On its second try, the House passed the Right-to-Try bill. It now goes back to the Senate who can either vote on this version or go to conference with the House to create a new version (the Senate passed a very different bill earlier). Senator Johnson attempted to get the bill through the Senate by unanimous consent after the Senate voted on the Omnibus. The attempt was thwarted by Democratic objections. When asked, Senator McConnell would not comment on leadership’s plans for the bill. The House version remains unpopular with several constituencies including four former heads of the FDA.
WASHINGTON – House Republicans easily passed a controversial bill aimed at helping some dying patients get new access to experimental therapies Wednesday, resurrecting legislation that suffered a major setback just a week ago. Passage of the bill, on a largely party-line vote of 267-149 , is a step forward for the”right-to-try” movement, after House Republicans failed to pass the legislation last Tuesday.
As expected, Dr. Redfield was appointed head of the CDC despite some questions about his actions earlier in his career. This post does not require congressional approval so, for now, the objections are moot.
After a major shake-up at the Centers for Disease Control and Prevention with the resignation of its former director over her ownership of tobacco stocks, the Trump administration on Wednesday appointed Robert Redfield, a Baltimore-based virologist and physician, as the agency’s new leader.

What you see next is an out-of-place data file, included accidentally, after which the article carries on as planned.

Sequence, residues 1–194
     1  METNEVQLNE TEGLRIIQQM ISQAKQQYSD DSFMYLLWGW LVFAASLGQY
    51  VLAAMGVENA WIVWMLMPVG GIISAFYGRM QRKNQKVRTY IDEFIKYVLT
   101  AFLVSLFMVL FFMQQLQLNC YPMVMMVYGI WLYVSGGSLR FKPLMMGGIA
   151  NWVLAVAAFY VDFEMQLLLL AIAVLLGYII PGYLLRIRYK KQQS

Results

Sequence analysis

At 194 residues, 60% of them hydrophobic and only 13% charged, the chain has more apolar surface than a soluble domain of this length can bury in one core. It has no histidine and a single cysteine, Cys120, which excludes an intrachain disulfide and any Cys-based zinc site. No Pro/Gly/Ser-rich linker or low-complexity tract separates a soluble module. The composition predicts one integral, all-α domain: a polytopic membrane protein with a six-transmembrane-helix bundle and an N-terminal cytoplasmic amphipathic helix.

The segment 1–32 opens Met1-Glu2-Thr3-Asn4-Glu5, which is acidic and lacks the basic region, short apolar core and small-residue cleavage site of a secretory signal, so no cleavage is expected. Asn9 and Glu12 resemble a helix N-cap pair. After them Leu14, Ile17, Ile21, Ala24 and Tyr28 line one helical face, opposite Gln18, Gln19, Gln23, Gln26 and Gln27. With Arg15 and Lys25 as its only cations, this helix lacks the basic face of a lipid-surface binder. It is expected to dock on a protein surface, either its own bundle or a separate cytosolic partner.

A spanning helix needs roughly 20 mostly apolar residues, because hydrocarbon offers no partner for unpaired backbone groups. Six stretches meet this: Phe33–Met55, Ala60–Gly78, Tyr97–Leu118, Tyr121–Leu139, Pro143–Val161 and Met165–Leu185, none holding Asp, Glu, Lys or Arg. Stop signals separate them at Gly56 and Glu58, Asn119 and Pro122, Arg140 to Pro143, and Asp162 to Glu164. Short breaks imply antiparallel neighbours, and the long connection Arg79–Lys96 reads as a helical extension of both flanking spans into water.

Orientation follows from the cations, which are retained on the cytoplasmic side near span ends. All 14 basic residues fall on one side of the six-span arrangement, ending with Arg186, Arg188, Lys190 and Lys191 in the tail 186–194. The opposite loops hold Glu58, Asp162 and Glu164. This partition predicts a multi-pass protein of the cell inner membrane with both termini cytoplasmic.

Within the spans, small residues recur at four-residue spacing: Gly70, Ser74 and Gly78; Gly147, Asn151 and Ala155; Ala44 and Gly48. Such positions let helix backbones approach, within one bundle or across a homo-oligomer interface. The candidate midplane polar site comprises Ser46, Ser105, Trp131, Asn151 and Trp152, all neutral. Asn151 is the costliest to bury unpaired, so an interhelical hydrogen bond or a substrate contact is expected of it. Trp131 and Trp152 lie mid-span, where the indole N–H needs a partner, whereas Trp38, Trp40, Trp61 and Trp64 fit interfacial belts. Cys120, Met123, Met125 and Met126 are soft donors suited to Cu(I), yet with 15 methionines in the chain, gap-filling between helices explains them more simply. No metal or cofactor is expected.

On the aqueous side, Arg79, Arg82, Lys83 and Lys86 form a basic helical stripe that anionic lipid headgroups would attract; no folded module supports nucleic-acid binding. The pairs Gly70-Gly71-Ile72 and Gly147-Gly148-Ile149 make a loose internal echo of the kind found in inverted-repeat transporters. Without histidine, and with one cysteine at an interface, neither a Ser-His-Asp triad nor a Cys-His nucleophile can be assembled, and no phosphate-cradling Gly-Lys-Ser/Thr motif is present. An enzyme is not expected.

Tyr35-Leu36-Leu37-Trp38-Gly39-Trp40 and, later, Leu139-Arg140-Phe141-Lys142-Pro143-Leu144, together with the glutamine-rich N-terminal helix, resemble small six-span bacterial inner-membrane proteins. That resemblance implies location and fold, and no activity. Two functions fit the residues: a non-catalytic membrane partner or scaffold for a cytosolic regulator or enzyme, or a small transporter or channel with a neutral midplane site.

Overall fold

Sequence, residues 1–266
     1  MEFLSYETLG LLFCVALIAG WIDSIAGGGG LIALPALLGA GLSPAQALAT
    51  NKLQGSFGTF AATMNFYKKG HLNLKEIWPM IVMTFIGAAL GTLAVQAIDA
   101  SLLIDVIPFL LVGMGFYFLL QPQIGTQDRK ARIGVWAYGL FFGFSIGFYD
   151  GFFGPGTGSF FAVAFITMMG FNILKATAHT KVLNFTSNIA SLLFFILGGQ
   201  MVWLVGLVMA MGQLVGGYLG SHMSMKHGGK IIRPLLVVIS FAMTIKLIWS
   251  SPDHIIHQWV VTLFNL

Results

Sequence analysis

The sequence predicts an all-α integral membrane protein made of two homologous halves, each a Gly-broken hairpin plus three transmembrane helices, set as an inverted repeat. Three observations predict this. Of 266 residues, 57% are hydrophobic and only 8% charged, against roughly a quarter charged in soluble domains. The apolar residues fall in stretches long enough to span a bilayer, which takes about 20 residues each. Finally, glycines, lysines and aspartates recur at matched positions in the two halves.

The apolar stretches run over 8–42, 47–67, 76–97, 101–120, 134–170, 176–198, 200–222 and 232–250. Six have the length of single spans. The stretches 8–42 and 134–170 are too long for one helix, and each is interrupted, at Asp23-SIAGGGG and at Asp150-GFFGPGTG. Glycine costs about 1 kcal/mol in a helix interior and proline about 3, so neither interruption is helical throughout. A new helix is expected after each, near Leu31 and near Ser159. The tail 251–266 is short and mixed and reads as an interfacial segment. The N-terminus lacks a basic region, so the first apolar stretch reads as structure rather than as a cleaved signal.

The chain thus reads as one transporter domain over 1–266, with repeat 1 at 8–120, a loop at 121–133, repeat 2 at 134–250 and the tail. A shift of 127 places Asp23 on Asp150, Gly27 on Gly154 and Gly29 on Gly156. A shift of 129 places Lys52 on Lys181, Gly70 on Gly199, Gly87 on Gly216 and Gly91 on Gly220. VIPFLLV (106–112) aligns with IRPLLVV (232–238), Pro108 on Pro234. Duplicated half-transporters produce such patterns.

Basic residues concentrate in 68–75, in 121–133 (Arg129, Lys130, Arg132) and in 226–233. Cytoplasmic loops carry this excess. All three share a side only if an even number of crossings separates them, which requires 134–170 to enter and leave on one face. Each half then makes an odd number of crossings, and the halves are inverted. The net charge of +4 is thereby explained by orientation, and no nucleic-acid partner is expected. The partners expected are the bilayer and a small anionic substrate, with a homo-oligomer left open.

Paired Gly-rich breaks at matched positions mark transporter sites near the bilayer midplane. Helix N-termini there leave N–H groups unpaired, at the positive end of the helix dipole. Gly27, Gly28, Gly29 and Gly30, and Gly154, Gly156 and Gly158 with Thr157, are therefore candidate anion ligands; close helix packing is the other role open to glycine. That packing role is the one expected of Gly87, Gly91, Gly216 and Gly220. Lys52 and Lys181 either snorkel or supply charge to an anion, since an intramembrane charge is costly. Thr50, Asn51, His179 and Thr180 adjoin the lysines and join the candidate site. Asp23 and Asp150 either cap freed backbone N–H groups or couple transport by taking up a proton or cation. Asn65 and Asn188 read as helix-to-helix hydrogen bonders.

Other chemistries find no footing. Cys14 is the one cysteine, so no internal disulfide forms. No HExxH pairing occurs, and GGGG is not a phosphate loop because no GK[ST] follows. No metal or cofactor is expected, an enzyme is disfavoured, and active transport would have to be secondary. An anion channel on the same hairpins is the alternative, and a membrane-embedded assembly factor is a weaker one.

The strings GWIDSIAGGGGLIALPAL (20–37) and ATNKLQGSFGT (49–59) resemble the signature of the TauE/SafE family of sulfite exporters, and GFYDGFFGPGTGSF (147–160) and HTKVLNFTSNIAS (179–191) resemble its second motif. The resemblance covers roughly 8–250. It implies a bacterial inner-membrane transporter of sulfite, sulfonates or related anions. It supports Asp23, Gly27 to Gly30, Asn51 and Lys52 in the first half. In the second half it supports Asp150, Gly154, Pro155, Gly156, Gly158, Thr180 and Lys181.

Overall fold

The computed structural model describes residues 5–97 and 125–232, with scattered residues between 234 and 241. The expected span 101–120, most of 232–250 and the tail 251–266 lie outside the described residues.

The President and HHS Secretary say that plans to reduce drug prices will be “beautiful” and will be rolled out in about a month.
The administration will unveil a slate of proposals soon to address high prescription drug costs in the U.S., President Trump Donald John Trump House expected to vote on omnibus Thursday afternoon House passes ‘right to try’ drug bill Spending bill rejects Trump’s proposed EPA cut MORE announced Monday.
Meanwhile, a database introduced to provide more transparency into drug prices has not been updated by the Administration.
The database has been instrumental for researchers, journalists and non-profit groups who keep tabs on trends in drug prices and abuses by physicians, and was considered to be a step toward transparency and accountability for an industry that historically keeps its prices in the dark.
Almost everyone wants to see the Creates Act become law – but that almost may be enough to prevent a vote from ever taking place.
Everyone wants to kill this generic drug loophole – except drug makers and some GOP leaders – The Boston Globe
WASHINGTON – It’s so unpopular that lawmakers from both parties and President Trump’s top drug regulator want to kill it. But the pharmaceutical industry, flexing its powerful lobbying muscles, is successfully fighting back efforts to end a loophole that costs taxpayers and consumers billions of dollars a year.
Bipartisan bill introduced to create user fee program for OTC drugs.
Posted 20 March 2018 | By Zachary Brennan Representatives from both sides of the aisle introduced a bill late Monday that would create a user fee system to better the US Food and Drug Administration’s (FDA) oversight and approval process for over-the-counter (OTC) drugs.
So about those drug prices not going up… turns out, they are.
Congressional leaders and the White House failed to come to an agreement on temporary protections for Dreamers over the past week as part of the giant spending bill, leaving the issue unresolved. Why it matters: After all of the fighting over President Trump’s decision to end DACA – including a government shutdown over it – the White House and Congress ended up with nothing.
A new Kaiser tracking poll is out this morning. Interestingly, despite recent events, people still feel the pharmaceutical industry has more power in DC than the NRA.